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I have a small family farm in NW Arkansas. Our county has been hit the hardest in the state. My field and back yard look something like the desert. The only green spot on my 5 acres is where the septic sytem lines are. Grain prices are going up .25cents a week, 1 month ago it was $8.80 a bag and last week it was up to $10.05. My garden totally failed because of no rain and I can not water because if I do the well runs out of water after about 40 minutes. The grasshoppers and locusts are of biblical proportions. They ate a 30 ft long row of green beans down to sticks over night just when they were starting to produce.. Needless to say the 5 quarts of green beans I put up won’t last my family of 5 for a year. The bugs stripped cabbages to the core and brussel sprouts down to the stem. I got 4 ears of corn out of 6– 65ft rows The only thing that did well was my onions and potatoes. It got too hot, too dry, too fast… The farms around me grow for the canning companies and none of the soybeans, corn, wheat or green beans did anything. Nobody has hay for their beasties and I am having to pay $17 a bale for small square bales that are being shipped from out of state. Normally we would get 3 cuttings of hay from our pastures and this year we were lucky to get 1… While they say 5% increase well just for example look at McDonalds. Their $1 McDouble is now $1.19 now when I went to school that was a 19% increase and it happened overnight. Not a nickel at a time. You could get hamburger on sale for $2 a pound and now you are lucky to get it on sale for $3 a pound. That is a 50% increase. NOBODY is going to tell me it is just a little drought!!!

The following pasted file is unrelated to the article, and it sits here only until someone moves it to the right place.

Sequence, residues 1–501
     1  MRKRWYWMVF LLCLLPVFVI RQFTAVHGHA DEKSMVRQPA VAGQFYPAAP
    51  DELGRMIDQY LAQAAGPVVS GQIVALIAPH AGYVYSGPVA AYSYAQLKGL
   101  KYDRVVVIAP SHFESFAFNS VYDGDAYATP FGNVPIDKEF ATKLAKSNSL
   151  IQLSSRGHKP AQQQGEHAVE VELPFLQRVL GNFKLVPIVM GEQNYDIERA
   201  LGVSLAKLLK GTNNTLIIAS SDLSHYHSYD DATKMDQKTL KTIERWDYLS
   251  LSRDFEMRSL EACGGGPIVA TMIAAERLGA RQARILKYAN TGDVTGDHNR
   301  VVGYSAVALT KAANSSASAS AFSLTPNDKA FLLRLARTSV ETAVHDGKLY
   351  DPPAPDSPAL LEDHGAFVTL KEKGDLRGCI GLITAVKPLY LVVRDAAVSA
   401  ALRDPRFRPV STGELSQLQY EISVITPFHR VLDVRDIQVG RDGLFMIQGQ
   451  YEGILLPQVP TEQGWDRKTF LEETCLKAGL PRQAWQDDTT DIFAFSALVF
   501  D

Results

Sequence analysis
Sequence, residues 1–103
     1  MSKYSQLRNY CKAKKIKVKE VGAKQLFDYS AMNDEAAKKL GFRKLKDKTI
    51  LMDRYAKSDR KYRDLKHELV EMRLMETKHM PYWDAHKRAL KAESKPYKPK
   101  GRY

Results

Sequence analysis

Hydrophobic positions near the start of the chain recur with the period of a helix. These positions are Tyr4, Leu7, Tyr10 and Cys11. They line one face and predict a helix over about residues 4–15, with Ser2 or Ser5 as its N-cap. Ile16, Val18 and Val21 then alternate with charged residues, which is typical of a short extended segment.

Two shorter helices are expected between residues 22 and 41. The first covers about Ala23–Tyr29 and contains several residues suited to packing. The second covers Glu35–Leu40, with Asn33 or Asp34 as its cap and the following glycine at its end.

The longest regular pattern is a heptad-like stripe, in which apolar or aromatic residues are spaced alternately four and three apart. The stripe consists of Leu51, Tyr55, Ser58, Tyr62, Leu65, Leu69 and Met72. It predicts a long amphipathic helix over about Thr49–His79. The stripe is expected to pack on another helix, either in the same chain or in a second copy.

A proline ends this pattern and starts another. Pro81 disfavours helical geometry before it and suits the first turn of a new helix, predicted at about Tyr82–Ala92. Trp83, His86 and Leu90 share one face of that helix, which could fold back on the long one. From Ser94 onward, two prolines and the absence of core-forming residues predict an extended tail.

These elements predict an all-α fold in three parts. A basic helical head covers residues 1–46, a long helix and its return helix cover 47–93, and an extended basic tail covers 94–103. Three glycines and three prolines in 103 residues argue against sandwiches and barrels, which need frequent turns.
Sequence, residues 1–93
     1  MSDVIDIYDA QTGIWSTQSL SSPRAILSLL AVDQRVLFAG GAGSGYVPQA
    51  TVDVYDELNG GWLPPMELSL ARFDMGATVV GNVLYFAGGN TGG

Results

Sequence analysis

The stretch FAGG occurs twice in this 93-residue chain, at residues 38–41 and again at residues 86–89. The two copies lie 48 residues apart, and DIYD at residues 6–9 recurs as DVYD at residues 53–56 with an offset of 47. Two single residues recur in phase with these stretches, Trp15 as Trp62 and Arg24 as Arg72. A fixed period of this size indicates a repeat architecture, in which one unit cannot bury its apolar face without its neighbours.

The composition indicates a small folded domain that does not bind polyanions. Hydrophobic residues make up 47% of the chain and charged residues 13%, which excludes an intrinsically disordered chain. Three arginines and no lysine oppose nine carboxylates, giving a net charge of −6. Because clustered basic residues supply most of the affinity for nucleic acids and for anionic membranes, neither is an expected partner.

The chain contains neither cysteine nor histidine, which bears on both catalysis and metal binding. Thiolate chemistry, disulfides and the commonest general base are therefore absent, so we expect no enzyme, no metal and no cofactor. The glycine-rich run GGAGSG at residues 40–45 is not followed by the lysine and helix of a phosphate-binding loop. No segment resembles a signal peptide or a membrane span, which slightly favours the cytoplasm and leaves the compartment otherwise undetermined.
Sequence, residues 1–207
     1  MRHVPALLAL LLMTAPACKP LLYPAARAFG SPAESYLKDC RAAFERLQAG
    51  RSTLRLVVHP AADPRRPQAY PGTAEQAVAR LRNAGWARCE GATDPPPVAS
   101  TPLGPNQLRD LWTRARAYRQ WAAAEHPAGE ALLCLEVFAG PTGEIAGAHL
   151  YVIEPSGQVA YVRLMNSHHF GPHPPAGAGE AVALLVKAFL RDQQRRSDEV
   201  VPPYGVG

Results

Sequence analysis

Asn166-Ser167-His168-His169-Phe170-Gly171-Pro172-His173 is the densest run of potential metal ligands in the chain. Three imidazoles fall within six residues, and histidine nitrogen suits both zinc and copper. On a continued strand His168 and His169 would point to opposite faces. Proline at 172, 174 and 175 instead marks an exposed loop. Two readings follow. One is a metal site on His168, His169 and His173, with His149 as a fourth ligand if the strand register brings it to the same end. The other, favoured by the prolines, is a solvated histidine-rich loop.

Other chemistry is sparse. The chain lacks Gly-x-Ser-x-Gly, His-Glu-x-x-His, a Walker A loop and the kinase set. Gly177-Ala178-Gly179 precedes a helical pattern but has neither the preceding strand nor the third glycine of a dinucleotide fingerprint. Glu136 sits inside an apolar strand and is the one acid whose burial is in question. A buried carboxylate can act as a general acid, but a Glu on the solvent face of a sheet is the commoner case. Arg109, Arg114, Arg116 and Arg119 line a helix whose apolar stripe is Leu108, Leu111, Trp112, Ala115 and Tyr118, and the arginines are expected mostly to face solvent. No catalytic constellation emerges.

Oil companies drilling in the drought-ridden fields of southern Kansas are taking desperate measures to get the water they need to tap into the state's oil reserves.
Huge amounts of water are required to extract oil, especially when companies use hydraulic fracturing, or fracking, which requires millions of gallons of water to crack the shale rock and bring oil to the surface.
Some companies are paying farmers for any remaining water they have left in their ponds, drilling their own water wells, digging ponds next to streams or trucking in water from as far away as Pennsylvania -- all of which is costing them a handsome sum of money and time.
To the oil companies, it's worth it. With oil prices hovering around $90 a barrel and the cost to produce a barrel of oil only around $15, the profits are huge, said Gordon, whose company is still aggressively leasing mineral rights, which gives it rights to drill on certain properties.
America ’s corn ethanol sector now consumes about as much grain as all of this country’s livestock. About 4.6 billion bushels of corn will be used for livestock feed this year. Thus, American motorists are now burning about as much corn in their cars as is fed to all of the country’s chickens, turkeys, cattle, pigs, and fish combined.
Need another comparison? This year, the American automobile fleet will consume about twice as much corn as is grown in the entire European Union. Put another way, the U.S. ethanol sector will burn almost as much corn as is produced by Brazil, Mexico, Argentina, and India combined.
Need another comparison? This year, the U.S. is now using about 13 percent of global corn production—that’s about 4.6 percent of all global grain production—so that it can produce a quantity of ethanol that contains the energy equivalent of about seven-tenths of one percent of global oil needs.
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